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Archive for November, 2008

Kuttamuwa Inscription – Image, Transcription, Translation

Posted by NT Wrong on November 30, 2008

The University of Chicago’s high-resolution photo of the recently discovered Kattamuwa Inscription from Zincirli is here.

Dennis Pardee’s transcription of the Kattamuwa Inscription is here, via Jim Getz.

John Hobbins’ English translation of the Kattamuwa Inscription is in two parts: here (lines 1-5) and here (lines 6-13) — and each post reproduces Pardee’s transliteration.

Posted in Archaeology, Neo-Hittite | Comments Off on Kuttamuwa Inscription – Image, Transcription, Translation

Pascal’s Derivative Market

Posted by NT Wrong on November 29, 2008

Most of you would have heard of Pascal’s Wager, a flawed ‘pragmatic’ argument for belief in God and his son Jesus. I have developed an improved model of the Wager, which rids it of its morally questionable basis (the ‘laying a bet as a basis for faith’ problem) and which also deals with the problem that there are many mutually exclusive gods who you’ll need to ‘bet’ on (eg a bet on Allah would be no good if Yahweh is the One; conversely, a bet on Jesus would be no good if Ahura-Mazda offers eternal reward).

I call it, ‘Pascal’s Derivative Market’TM. Rather than making a bet on one god, who might turn out to be a foul demon and thereby cause you eternal wrath, why not hedge your bets? Of course, I say ‘hedge your bets’ in a metaphorical way. As everybody knows, the Free Market is not a bet in which some people win and some people lose, but the mechanism by which the Invisible Hand allocates resources fairly to all, so that everyone’s a winner. The Free Market in fact transcends morality and ethical considerations.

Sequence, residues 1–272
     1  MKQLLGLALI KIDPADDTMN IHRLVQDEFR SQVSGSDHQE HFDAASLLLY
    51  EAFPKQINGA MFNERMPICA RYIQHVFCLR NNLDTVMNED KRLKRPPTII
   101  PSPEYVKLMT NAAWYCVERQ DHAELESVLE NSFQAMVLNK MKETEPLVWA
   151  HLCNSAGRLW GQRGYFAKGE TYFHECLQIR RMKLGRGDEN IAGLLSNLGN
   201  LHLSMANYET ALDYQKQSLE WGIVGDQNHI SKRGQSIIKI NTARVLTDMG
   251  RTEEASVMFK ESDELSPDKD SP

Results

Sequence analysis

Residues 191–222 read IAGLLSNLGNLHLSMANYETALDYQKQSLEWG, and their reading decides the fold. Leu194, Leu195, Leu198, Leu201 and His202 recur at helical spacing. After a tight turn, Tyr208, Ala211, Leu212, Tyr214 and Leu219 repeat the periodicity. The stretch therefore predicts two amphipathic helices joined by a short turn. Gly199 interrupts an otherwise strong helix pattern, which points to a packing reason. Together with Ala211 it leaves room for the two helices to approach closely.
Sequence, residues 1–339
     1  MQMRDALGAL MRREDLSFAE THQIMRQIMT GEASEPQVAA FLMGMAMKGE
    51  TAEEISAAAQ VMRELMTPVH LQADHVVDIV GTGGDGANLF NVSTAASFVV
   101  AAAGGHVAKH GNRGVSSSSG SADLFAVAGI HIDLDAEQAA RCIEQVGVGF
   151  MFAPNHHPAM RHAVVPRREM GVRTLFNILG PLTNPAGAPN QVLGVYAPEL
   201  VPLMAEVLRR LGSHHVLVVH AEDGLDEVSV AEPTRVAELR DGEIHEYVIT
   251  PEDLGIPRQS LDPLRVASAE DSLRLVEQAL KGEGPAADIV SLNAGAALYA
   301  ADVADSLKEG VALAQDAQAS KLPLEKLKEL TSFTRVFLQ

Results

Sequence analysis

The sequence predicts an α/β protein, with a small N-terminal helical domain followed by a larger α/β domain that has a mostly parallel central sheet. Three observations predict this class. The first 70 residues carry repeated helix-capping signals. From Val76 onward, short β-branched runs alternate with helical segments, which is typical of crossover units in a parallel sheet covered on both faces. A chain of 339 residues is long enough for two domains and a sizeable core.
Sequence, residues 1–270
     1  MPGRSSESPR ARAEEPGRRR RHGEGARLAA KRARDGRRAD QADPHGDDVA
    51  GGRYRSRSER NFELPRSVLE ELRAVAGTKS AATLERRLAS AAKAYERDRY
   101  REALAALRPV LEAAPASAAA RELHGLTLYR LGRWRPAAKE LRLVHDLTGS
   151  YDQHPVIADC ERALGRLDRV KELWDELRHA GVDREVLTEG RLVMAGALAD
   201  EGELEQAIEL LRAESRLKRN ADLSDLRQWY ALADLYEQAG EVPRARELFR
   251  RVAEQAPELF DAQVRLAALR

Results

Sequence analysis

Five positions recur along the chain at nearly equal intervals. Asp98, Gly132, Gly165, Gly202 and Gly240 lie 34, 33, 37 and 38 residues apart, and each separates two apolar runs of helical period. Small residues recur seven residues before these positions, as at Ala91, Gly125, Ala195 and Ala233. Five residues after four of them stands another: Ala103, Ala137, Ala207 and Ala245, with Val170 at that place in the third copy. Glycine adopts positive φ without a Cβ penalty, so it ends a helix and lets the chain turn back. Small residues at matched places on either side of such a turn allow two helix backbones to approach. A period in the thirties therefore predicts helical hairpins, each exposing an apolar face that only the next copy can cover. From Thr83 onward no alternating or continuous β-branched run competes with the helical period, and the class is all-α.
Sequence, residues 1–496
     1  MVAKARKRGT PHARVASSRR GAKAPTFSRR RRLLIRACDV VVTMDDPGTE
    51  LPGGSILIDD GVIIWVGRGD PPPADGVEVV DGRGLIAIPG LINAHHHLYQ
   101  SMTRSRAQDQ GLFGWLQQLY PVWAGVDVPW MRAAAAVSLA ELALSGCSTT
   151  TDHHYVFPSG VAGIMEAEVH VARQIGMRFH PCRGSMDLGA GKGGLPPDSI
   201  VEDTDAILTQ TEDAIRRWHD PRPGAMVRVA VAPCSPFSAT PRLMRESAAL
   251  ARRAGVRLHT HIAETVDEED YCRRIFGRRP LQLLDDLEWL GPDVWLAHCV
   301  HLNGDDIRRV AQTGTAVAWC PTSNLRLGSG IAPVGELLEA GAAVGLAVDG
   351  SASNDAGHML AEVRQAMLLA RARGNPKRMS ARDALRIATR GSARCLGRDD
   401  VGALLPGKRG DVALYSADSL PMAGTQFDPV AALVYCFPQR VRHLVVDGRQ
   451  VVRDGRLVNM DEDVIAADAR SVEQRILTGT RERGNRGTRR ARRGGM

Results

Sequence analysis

I will soon be setting up a Pascal’s Derivative MarketTM for Spiritual InvestorsTM. For payment of a small joining fee*, Spiritual InvestorsTM can buy a put option and sell a call option for each deity offering eternal rewards. In effect, you are selling short the whole pantheon of eternal-reward-offering deities. The beauty of the deal is that the terms of the options include the right, on death, to abandon all faiths which turn out not to be offering eternal salvation, retaining sole shareholding in the One True FaithTM, whatever that turns out to be. The superiority of Pascal’s Derivative MarketTM to Pascal’s Wager should be obvious.

The N. T. Wrong Blog will be publishing a Prospectus for Pascal’s Derivative MarketTM in the near future. Invest wisely — your eternal salvation is at stake.

* US$100,000

n.b. For those of you interested in investment in Pascal’s Derivative MarketTM, but unable to afford the joining fee, you will be pleased to know that we are also beginning a finance company, Sub-Prime Mover MortgagesTM, to assist with securing your eternal salvation. Here at Pascal’s Derivative MarketTM, we believe that salvation should be available for everyone!

Posted in Humour | 2 Comments »

The Absurdity of Genesis 1 – Just-So Stories – Literal Meaning; Non-Literal Apologetic Interpretation

Posted by NT Wrong on November 28, 2008


A Cartoon from Answers in Genesis, an organization whose members believe, like me, that Genesis 1 refers to a literal 6-day creation. Unlike me, however, they think the biblical authors described the universe in much the same way as modern science (as opposed to their literal belief in a 3-tiered 'universe').

Chris Heard at Higgaion has got wound up